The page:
M. Michele Berrey, MD, MPH, the company's president and chief executive officer, in the company statement praised the research teams and commended the progress made in controlling the disease in Liberia. She said the company will move forward with developing the drug for preventing infections in transplant recipients and immunocompromised patients.
Case count rises slowly
In outbreak developments, the number of Ebola infections and deaths continued to rise slowly in all three countries, with confirmed, probable, and suspected cases reaching 22,334, including 8,921 deaths, the World Health Organization (WHO) said today.
Since the last report on Jan 30, the three countries have reported 208 confirmed, probable, or suspected cases, as well as 92 more deaths. Today's numbers reflect cases reported as of Jan 31 in Guinea and Sierra Leone and as of Jan 28 in Liberia.
Sierra Leone reported the largest number of new cases, 146, including 58 deaths, the WHO said.
MSF tracks gaps and hot spots
Meanwhile, MSF said in its latest update on Jan 30 that only 50 patients are in its treatment facilities, thanks to declining disease levels in the region. Though it called the development promising, it echoed the WHO's concern that only about half of new cases in Guinea and Liberia are in known contacts, which shows gaps in tracing needed to identify and address all chains of transmission.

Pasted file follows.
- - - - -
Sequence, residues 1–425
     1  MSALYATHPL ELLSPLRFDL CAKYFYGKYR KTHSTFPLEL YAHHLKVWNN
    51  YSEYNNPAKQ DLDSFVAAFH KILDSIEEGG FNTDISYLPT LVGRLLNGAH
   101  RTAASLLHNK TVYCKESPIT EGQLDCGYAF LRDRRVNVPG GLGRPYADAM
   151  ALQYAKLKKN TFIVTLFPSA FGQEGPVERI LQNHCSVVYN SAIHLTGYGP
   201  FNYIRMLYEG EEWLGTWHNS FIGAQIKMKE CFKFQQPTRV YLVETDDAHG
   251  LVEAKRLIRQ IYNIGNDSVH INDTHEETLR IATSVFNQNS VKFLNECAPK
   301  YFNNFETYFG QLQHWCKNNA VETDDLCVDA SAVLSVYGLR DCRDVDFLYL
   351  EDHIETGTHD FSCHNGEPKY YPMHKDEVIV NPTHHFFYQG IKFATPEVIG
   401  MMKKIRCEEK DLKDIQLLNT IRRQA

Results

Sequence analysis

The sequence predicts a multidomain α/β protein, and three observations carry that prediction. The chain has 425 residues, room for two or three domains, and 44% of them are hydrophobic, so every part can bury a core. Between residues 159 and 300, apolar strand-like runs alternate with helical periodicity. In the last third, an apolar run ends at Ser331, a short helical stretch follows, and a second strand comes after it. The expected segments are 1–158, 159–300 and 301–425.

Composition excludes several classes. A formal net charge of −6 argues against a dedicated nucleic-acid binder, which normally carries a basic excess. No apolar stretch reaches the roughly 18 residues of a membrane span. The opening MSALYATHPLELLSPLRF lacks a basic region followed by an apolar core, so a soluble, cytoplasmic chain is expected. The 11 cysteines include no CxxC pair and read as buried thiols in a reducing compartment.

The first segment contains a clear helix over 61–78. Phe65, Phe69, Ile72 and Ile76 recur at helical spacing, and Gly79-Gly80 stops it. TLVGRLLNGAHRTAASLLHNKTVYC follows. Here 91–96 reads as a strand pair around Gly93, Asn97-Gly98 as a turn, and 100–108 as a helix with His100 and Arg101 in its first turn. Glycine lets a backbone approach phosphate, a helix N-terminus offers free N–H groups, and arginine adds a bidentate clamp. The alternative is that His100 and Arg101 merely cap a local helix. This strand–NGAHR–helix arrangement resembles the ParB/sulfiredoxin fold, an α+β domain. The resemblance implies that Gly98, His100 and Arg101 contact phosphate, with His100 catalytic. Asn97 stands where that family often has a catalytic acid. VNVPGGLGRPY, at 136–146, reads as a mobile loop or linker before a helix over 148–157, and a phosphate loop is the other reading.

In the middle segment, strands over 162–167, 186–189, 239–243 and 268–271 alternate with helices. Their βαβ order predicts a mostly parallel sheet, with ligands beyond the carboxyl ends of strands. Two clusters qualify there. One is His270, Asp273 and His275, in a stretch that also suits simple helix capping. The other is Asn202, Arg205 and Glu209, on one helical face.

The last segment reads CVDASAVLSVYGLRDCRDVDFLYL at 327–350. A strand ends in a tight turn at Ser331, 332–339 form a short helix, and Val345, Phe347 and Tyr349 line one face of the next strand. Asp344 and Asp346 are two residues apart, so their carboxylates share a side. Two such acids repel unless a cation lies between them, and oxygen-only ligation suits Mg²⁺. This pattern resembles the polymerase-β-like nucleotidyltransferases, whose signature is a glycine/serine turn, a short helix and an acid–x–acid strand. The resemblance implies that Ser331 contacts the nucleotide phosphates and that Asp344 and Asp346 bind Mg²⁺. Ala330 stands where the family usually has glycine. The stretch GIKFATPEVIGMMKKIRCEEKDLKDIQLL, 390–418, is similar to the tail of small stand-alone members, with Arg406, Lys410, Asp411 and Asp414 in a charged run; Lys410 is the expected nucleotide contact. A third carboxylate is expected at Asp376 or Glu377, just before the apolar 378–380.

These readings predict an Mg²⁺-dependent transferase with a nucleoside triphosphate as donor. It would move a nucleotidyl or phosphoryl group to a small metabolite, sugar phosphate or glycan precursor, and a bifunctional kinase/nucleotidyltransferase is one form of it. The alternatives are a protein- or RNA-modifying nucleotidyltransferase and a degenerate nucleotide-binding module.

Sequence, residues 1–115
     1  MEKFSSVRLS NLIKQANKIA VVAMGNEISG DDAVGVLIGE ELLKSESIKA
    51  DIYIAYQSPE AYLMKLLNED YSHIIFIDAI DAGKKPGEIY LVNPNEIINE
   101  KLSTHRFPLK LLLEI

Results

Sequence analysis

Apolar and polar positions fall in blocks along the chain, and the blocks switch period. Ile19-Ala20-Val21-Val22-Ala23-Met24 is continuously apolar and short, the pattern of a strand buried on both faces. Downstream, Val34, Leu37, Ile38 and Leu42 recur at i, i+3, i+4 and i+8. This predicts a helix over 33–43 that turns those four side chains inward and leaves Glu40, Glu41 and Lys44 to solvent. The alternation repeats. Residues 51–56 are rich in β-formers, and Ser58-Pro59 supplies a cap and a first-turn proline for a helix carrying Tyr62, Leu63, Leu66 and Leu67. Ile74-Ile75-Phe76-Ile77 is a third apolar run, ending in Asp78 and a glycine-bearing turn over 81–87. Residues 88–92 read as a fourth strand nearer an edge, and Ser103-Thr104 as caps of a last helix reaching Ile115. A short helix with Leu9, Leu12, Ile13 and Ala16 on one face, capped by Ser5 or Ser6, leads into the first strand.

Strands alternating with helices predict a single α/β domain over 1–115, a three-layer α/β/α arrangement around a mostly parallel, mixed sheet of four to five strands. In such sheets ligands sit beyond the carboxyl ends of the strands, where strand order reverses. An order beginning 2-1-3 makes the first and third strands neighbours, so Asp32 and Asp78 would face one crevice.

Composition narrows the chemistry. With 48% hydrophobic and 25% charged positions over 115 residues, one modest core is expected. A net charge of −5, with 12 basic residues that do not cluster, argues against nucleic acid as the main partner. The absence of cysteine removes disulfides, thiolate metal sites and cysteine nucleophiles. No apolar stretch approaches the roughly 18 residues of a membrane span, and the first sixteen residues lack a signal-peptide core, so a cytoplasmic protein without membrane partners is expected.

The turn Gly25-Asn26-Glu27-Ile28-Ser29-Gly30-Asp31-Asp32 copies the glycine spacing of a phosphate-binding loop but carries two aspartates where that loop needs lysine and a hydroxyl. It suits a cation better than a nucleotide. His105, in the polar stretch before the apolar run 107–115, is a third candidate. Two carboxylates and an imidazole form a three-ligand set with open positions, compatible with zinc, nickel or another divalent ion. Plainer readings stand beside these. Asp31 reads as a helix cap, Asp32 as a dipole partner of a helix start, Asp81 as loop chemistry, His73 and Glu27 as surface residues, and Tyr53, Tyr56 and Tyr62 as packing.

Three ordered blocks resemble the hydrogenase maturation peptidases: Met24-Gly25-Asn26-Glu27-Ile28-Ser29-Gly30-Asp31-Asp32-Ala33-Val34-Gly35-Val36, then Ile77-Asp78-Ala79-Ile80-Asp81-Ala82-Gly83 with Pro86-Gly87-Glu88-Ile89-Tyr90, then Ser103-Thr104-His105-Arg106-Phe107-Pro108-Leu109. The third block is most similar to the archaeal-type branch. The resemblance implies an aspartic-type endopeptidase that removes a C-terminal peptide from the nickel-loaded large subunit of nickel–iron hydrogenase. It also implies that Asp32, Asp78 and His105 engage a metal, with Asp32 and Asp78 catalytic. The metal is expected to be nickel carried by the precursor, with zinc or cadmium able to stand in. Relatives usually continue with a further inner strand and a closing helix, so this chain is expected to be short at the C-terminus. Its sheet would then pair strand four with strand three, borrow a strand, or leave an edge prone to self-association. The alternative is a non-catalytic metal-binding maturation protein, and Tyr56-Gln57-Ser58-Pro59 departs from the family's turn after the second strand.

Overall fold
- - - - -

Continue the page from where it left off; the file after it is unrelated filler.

MSF also aired concerns about a lack of information sharing on contacts among the three outbreak countries. "Since a single new case is enough to reignite an outbreak, the level of vigilance should remain high in order not to jeopardize the progress made in stemming the epidemic," the group said.
In Guinea, though cases have declined, the epidemic is still spread over a wide area—13 different districts—with new transmission chains reported from areas thought to be free of the virus, MSF said.
The group said its rapid response team is in Faranah, where new cases have been reported, and that a second response team is due in the area soon to help it address other transmission sparks.
Liberia's declining cases have prompted a scale-back in MSF activities, and though Sierra Leone is also seeing ongoing drops in new cases, the region still has about 50 hot spots, and underreporting is still a problem, the group said.
Ebola exposures prompt two UK airlifts
In other developments, two healthcare workers have been airlifted to the United Kingdom for isolation and observation after possible Ebola exposure while working in Sierra Leone, Public Health England (PHE) said in statements on Jan 31 and today. Both are military health workers, and both sustained needle-stick injuries.
One of the workers arrived in London on Jan 31 and was taken to the Royal Free Hospital. PHE said that though the patient was exposed to Ebola, he or she hasn't had any symptoms and hasn't been diagnosed with the disease. It added that the patient will be monitored for the 21-day incubation period.
The other health worker arrived in the UK today and was also taken to Royal Free Hospital for assessment. PHE said the patient isn't symptomatic and so far does not have an Ebola infection.
Mark Francois, minister for the Armed Forces, said in the PHE statement that though the two exposures occurred in a short time interval, they appear to be unrelated.
Feb 2 NIH press release
Jan 30 Chimerix press release
Feb 2 WHO situation update
Jan 30 MSF statement
Jan 31 PHE statement
Feb 2 PHE statement